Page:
BT gets more than half of all new superfast broadband additions and 81 percent of brand new copper and fibre customers on the Openreach network
There are now 5.9 million fibre customers on the Openreach network, with 415,000 taking up superfast services during the fourth quarter of 2014 – half of which signed up with BT’s retail business.
The number of net fibre additions on Openreach actually fell nine percent year on year, a quirk that BT attributed to an exceptional performance in the corresponding quarter last year, as the number of premises passed reached 25 million, or 85 percent of UK homes and businesses.
In total, 130,000 brand new (copper of fibre) broadband customers joined the Openreach network – 105,000 of which took services from BT. The remaining 19 percent of additions came from third party providers like Sky and TalkTalk.
Income from Openreach boosted BT’s fourth quarter and yearly revenues, with gains in then consumer and business markets offsetting falls in BT Global Services. BT’s figures also include income from EE since the £12.5 billion acquisition was completed om 29 January.
Fourth quarter revenues jumped by 22 percent year on year to £5.7 billion, with reported pre-tax profits of £893 million – a six percent rise. Yearly revenues reached £18.9 billion, a six percent increase, with pre tax profits growing by 15 percent to £3 billion.
The company has just detailed the full scale of its planned rollout for ultrafast broadband using a combination of fibre to the premise (FTTP) and G.Fast technology, as well as plans to expand EE’s 4G network to cover 95 percent of the UK landmass by the end of the decade.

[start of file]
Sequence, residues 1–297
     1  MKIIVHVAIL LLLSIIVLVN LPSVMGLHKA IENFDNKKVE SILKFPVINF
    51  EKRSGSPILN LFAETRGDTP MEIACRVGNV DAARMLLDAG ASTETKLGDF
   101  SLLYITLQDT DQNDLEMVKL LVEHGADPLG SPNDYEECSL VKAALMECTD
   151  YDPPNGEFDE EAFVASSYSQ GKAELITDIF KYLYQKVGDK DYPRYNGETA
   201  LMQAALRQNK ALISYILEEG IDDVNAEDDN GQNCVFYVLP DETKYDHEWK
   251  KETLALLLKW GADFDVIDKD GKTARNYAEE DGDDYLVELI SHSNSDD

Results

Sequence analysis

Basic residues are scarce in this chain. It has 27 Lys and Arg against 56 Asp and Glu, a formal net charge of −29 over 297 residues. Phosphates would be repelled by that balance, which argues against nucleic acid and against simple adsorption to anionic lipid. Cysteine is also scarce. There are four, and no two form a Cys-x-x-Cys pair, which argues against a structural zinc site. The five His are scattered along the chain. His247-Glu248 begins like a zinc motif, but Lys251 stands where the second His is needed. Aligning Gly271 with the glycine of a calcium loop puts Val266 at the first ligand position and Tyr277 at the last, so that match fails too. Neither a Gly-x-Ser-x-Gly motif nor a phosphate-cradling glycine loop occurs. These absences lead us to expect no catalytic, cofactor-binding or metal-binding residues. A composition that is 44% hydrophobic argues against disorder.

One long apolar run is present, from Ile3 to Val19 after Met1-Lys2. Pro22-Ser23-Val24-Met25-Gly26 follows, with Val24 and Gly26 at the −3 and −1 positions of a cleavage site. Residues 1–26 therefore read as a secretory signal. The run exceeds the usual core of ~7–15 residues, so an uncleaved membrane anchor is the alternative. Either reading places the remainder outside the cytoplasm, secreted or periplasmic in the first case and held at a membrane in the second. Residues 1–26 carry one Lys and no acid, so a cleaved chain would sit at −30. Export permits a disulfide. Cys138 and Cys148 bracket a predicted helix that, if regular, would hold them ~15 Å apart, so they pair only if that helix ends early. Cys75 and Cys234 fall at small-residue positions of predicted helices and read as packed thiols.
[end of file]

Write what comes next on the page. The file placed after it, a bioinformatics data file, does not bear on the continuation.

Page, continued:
“This has been a landmark year for BT. We’ve completed our acquisition of EE, the UK’s best 4G mobile network provider, we’ve passed more than 25 million premises with fibre and we’ve also delivered a strong financial performance,” boasted BT CEO Gavin Patterson.
“The integration of EE is going well and we now see the opportunity to deliver more synergies than we originally expected, and at a lower cost. And we’re reorganising our business to better serve customers both in the UK and internationally.
“BT Mobile has done well since its launch, building a customer base of over 400,000. And in the business market, we’ve seen very strong demand for our cyber security expertise with our security business growing by 24 percent.”
BT has come under pressure from regulator Ofcom to make concessions on Openreach, with competitors arguing the company has an unfair advantage and that the current model offers little incentive for BT or rivals to invest in fibre infrastructure. BT refutes this, arguing that Openreach benefits from BT’s capital and R&D capabilities.
Ofcom wants Openreach to be more independent and says BT should make a detailed database of its ducts and poles available to third parties who could lay their own cables.